Legislative Assembly for the ACT: 1998 Week 8 Hansard (27 October) . . Page.. 2300 ..
MR HUMPHRIES (continuing):
What does that equate to in terms of impact on ordinary citizens of this Territory? What it is equal to, Mr Speaker, is the doubling of rates in the Territory. It is equal to taking whatever you pay in rates each year and doubling it. That is how much extra money we will need to raise to meet that extra superannuation burden at its height - a doubling of that rates bill.
Mr Speaker, it would be easy for us at this stage to say, "Let us deal with that then and let us sort it out at that stage". That is not responsible. One hundred million dollars is the equivalent of educating 15,000 primary school students in Canberra. It is the equivalent of that amount of money, Mr Speaker. But there is no alternative to the courses of action if you do not sell a major asset like ACTEW. You can cut services or you can increase taxes. There is a third alternative: You can cut the level of superannuation benefits to those public servants whose entitlements form the bulk of this liability. You can reduce that level of liability, Mr Speaker; but that is an option which this Government rules out, and which I hope we would all rule out. It leaves, therefore, the other two alternatives - cutting services or increasing taxes.
Mr Corbell laid down a challenge for members of the crossbench in this debate: Take part; say something in this debate about this particular issue. I lay down a challenge for the Opposition in this debate as well: You tell us how you would fund those sorts of liabilities. What would you reduce in the way of government outlays; what would you increase in the way of government taxes and charges to meet that kind of liability; or would you reduce the level of superannuation entitlement of ACT government employees? If you have an alternative, put it on the table now for us to see. I have not seen those alternatives yet.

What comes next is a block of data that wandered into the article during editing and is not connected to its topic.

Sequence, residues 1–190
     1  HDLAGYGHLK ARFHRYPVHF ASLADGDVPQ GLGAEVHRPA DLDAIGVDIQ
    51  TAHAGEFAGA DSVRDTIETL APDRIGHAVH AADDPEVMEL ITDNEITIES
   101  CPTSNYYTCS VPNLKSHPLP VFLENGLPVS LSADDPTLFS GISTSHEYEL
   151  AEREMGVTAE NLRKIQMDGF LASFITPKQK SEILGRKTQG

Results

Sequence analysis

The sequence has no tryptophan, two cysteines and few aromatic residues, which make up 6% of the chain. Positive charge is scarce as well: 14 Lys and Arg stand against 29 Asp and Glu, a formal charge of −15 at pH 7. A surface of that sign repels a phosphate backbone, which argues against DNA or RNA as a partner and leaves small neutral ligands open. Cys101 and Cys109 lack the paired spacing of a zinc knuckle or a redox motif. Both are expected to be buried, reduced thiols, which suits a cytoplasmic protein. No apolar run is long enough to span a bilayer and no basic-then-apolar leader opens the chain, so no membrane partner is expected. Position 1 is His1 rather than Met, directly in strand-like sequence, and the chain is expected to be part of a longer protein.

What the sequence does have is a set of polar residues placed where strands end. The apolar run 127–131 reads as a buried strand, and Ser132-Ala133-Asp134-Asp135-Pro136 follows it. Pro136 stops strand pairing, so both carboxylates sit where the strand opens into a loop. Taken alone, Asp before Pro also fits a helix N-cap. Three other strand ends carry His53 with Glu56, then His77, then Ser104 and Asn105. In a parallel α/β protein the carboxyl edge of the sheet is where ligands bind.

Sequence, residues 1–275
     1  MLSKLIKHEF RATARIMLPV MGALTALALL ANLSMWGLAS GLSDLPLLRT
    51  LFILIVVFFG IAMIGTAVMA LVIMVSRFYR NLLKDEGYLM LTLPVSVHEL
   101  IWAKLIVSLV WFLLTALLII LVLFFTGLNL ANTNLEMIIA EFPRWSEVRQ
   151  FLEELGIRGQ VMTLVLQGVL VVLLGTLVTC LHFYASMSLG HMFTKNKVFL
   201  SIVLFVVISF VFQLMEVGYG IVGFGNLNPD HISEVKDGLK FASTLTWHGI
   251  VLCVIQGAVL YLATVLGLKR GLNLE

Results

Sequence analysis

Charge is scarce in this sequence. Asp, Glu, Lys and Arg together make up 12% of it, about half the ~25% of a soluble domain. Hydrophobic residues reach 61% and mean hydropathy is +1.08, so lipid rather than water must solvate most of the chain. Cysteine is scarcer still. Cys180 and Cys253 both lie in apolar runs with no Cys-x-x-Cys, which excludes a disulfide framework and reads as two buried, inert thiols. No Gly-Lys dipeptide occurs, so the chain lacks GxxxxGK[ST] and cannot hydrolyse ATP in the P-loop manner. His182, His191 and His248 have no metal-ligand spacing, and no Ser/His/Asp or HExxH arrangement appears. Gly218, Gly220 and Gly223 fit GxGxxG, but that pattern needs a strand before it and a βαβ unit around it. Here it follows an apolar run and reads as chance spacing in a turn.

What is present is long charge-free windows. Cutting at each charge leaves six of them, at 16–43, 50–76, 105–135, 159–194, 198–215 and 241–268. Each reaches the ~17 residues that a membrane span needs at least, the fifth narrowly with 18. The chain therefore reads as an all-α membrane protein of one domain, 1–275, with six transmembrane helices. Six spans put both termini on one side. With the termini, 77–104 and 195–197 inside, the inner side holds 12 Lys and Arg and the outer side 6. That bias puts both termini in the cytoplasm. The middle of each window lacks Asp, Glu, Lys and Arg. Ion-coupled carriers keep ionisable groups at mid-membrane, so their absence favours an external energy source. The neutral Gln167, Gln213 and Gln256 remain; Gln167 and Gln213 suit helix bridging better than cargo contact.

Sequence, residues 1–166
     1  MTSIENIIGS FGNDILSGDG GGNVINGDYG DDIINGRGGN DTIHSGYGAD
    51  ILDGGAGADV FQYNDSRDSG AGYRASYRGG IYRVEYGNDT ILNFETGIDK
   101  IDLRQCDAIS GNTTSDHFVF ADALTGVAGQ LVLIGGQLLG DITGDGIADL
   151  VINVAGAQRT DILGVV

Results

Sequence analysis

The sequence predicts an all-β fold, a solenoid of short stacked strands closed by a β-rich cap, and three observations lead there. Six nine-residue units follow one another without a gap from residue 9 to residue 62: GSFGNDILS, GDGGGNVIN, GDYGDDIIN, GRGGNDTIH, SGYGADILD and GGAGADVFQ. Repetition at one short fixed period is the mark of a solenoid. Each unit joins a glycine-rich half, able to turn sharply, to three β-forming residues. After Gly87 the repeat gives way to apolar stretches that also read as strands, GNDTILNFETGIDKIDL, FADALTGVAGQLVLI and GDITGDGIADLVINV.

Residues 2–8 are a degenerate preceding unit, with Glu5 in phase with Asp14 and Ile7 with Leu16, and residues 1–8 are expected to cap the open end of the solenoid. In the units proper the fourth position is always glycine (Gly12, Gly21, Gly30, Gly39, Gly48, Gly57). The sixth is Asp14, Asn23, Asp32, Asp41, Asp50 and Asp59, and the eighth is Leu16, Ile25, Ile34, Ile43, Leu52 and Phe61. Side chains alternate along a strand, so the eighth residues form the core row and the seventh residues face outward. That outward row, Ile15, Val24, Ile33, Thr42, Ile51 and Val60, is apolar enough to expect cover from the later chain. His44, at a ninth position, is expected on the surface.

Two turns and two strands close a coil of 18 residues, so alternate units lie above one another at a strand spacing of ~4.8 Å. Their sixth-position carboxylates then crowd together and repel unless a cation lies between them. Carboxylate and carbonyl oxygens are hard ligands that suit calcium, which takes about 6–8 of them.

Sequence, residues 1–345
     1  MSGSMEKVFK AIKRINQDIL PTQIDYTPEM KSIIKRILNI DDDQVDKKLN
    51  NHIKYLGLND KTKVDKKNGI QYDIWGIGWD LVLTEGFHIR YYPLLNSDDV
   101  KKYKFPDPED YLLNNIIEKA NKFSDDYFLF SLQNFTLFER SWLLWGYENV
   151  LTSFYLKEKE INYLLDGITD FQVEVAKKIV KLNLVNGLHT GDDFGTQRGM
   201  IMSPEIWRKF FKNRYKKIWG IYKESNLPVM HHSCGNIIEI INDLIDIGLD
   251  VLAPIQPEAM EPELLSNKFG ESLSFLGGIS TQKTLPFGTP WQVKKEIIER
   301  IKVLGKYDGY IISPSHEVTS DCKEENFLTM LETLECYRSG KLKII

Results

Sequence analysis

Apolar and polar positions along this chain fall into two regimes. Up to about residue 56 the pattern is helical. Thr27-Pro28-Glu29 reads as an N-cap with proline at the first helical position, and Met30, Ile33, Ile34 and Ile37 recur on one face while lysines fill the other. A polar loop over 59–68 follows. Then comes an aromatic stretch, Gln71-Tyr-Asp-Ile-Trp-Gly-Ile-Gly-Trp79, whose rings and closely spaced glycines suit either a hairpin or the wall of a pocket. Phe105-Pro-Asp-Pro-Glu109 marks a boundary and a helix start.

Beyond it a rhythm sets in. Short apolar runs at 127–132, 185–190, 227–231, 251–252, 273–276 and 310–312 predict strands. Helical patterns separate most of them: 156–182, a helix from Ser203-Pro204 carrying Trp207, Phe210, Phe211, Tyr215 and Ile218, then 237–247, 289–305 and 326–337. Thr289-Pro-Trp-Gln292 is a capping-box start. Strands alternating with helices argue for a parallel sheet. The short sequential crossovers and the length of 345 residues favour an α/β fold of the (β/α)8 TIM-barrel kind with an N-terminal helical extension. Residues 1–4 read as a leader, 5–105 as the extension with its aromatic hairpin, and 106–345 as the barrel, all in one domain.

Mr Speaker, we propose to take that money - the proceeds of the sale of ACTEW - and invest it in a number of important ways. The net effect of investing the lion's share of the ACTEW sale proceeds in superannuation is that we cut the cost virtually in half over the 40 years, with only modest additional contributions from government. Instead of $3 billion, the cost is just over $1.5 billion; and, after 40 years approximately, $800m of that nest egg I am talking about remains in the investment account to cover the ongoing superannuation costs. In other words, Mr Speaker, after 40 years, that ACTEW money is still there generating returns and paying those superannuation costs.
So those who say that this is an exercise in taking the money and squandering it on short-term political gain have totally misunderstood what this is all about. It is not about that. It is about putting it into a source which will actually retain its value in a way which, according to these reports, ACTEW itself will not. ACTEW is changing now in its relationship to its marketplace. The nature of ACTEW's competitive position is deteriorating. We cannot expect into the future to get the level of dividend from ACTEW we are now getting. Do not take my word for it. Take the views of successive expert opinions to this Assembly. The Fay Richwhite report, the ABN AMRO report and, incidentally, the views of David Hughes and others in the marketplace have made similar very strong suggestions.